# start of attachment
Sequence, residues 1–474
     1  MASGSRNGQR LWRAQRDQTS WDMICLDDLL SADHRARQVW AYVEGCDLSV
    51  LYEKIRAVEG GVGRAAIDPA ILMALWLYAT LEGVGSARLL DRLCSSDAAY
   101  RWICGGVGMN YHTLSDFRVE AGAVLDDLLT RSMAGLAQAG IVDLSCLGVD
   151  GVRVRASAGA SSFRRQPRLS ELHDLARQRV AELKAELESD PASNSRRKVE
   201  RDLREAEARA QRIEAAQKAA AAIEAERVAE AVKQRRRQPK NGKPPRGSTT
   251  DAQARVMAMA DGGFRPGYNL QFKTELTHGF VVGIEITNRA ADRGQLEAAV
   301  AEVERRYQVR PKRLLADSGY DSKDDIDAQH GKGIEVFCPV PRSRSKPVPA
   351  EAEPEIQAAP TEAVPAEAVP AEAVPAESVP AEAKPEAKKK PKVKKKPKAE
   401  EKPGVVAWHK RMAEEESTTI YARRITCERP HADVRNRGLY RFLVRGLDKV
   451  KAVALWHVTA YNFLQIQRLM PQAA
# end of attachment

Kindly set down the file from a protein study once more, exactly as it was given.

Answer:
Sequence, residues 1–474
     1  MASGSRNGQR LWRAQRDQTS WDMICLDDLL SADHRARQVW AYVEGCDLSV
    51  LYEKIRAVEG GVGRAAIDPA ILMALWLYAT LEGVGSARLL DRLCSSDAAY
   101  RWICGGVGMN YHTLSDFRVE AGAVLDDLLT RSMAGLAQAG IVDLSCLGVD
   151  GVRVRASAGA SSFRRQPRLS ELHDLARQRV AELKAELESD PASNSRRKVE
   201  RDLREAEARA QRIEAAQKAA AAIEAERVAE AVKQRRRQPK NGKPPRGSTT
   251  DAQARVMAMA DGGFRPGYNL QFKTELTHGF VVGIEITNRA ADRGQLEAAV
   301  AEVERRYQVR PKRLLADSGY DSKDDIDAQH GKGIEVFCPV PRSRSKPVPA
   351  EAEPEIQAAP TEAVPAEAVP AEAVPAESVP AEAKPEAKKK PKVKKKPKAE
   401  EKPGVVAWHK RMAEEESTTI YARRITCERP HADVRNRGLY RFLVRGLDKV
   451  KAVALWHVTA YNFLQIQRLM PQAA